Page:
Countryaah data, Hungary has a population density of 107 residents per km
2 with the largest population concentrations in
the Budapest, Miskolc and Szeged areas. Through the
post-World War I borders, Hungary became a relatively
homogeneous state; the ethnic Hungarians make up 90-95
percent of the population. The largest minority group is the
Roma, which is estimated to be 4–6 percent; other groups are
Germans (2 percent) and Slovaks (1 percent).
Hungary has for a long time had a negative natural
population change. The proportion of residents in cities is
71 percent. The largest cities are Budapest (1.8 million
residents, 2017), Debrecen (202,000) and Miskolc (157,200).
Due to Hungary's large post-World War II country
resettlement, Hungarian is the dominant language in the
country. Among minority languages, primarily Romani. Smaller
groups speak Romanian and German.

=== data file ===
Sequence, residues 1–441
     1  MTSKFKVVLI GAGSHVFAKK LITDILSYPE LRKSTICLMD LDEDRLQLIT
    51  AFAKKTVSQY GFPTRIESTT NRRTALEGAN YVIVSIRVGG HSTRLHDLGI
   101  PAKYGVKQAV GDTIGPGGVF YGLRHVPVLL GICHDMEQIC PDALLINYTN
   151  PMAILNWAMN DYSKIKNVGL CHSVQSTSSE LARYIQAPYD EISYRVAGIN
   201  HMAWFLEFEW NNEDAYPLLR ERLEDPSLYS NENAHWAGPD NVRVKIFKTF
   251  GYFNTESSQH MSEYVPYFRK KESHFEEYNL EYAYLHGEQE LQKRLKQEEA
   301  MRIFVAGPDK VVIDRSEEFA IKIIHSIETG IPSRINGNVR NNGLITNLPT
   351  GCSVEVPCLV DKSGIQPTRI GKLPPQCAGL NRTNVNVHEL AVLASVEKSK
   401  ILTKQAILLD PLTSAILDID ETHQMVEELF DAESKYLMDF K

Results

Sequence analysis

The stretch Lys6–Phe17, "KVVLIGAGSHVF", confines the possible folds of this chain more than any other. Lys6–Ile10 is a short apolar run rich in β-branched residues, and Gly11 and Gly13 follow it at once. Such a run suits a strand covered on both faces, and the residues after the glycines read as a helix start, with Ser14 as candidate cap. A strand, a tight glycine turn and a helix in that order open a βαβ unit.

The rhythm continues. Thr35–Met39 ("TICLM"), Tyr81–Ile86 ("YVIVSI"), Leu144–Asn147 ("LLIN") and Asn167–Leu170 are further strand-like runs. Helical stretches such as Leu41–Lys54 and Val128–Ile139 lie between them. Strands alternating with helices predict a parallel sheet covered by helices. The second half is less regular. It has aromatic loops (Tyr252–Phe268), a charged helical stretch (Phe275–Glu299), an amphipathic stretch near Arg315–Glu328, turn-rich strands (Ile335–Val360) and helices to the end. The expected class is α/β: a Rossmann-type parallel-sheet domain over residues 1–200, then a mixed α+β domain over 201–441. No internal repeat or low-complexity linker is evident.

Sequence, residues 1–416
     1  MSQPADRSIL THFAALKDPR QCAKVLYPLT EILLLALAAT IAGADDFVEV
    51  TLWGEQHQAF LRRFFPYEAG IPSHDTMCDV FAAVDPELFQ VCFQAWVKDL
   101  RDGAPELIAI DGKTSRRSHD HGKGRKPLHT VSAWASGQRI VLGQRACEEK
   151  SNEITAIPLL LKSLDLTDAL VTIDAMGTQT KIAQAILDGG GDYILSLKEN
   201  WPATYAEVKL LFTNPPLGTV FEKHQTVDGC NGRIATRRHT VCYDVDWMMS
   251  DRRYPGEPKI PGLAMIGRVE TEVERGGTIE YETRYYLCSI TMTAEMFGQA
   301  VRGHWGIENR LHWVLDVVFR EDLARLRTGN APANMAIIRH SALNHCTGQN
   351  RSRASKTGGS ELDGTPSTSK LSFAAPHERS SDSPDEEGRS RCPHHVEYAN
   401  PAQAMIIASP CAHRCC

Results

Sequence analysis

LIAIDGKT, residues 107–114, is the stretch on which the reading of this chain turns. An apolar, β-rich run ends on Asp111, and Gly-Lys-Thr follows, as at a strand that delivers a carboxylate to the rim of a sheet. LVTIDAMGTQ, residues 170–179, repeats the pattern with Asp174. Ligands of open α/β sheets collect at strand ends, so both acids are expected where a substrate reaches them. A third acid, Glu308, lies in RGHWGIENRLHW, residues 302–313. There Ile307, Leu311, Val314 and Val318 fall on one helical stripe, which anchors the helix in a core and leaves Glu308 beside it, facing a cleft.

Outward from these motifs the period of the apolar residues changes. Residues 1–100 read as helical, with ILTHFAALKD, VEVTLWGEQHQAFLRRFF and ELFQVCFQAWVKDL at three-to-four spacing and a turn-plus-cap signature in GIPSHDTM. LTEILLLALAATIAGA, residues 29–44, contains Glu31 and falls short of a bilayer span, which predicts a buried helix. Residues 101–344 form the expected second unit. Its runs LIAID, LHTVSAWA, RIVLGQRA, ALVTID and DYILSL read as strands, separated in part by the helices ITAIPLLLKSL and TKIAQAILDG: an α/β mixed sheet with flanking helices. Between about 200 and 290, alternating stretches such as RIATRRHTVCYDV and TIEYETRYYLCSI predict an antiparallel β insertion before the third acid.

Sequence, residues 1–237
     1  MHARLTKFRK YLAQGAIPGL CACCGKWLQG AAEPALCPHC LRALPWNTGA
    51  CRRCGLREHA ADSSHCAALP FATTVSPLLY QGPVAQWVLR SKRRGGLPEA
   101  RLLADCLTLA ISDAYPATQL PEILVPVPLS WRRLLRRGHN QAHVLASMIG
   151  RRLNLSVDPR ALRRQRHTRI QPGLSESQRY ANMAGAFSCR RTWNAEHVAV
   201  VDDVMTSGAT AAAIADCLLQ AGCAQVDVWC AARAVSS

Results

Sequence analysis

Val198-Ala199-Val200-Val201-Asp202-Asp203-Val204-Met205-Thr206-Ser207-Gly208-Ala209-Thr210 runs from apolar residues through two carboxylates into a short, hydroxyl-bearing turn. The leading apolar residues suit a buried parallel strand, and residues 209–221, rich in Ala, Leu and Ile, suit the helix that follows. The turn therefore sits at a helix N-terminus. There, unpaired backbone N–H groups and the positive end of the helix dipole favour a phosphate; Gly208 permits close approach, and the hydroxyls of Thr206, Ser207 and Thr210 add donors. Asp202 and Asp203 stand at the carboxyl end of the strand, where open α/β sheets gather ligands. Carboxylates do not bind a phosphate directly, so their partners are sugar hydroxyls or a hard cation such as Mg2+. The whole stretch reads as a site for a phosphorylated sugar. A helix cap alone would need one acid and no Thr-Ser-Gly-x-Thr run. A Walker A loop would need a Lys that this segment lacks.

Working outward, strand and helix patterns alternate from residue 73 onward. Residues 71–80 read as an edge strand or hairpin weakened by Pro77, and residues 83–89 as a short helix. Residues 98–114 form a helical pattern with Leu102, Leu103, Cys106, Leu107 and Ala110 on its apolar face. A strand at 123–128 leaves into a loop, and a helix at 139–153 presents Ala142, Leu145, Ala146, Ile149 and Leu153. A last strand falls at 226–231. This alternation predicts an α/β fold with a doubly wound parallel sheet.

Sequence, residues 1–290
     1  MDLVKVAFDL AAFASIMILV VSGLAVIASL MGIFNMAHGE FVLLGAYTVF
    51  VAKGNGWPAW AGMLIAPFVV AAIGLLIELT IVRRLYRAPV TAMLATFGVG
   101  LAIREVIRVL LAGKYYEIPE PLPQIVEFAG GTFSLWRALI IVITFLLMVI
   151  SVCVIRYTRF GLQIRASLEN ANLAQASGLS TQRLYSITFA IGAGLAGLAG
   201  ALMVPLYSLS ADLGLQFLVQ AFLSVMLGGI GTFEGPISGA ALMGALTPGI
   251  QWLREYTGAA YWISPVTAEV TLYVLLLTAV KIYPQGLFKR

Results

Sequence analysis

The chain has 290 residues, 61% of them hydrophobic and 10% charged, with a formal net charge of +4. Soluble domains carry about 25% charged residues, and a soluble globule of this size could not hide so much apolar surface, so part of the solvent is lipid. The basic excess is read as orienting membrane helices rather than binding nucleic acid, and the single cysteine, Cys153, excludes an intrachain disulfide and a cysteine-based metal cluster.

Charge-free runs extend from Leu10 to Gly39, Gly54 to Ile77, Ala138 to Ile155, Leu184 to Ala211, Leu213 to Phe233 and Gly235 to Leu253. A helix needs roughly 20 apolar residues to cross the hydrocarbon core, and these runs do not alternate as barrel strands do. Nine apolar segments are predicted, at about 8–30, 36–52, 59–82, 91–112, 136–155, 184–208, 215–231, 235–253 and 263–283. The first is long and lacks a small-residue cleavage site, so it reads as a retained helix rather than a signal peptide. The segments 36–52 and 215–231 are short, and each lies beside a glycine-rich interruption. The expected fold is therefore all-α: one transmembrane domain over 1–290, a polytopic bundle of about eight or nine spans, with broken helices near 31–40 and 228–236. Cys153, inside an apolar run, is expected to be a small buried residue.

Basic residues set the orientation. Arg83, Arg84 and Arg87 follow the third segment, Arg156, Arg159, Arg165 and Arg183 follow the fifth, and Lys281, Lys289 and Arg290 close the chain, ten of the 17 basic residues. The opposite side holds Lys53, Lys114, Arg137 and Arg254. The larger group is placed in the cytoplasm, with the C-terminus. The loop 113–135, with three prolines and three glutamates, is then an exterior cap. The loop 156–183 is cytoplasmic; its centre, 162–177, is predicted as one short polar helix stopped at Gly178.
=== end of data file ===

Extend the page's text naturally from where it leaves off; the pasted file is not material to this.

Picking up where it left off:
Christianity reached present-day Hungary already during
Roman times. During the 9th century, missions from both
Byzantine and German existed. When Hungary transitioned to
Christianity under Stefan I (about the year 1000), they
joined the Latin Western Church. The Archbishop's seat
became Esztergom. Through the Reformation a Lutheran and a
Reformed Church arose. In 1988, 66% of Roman Catholics, 18%
of Reformed, 4% of Lutherans and all other communities were
counted 2.4%. During the communist era, the religious
communities were strongly oppressed. In 1990 freedom of
religion was introduced. Seized property was returned to the
communities during the 1990s. The number of Roman Catholic
orders is steadily increasing.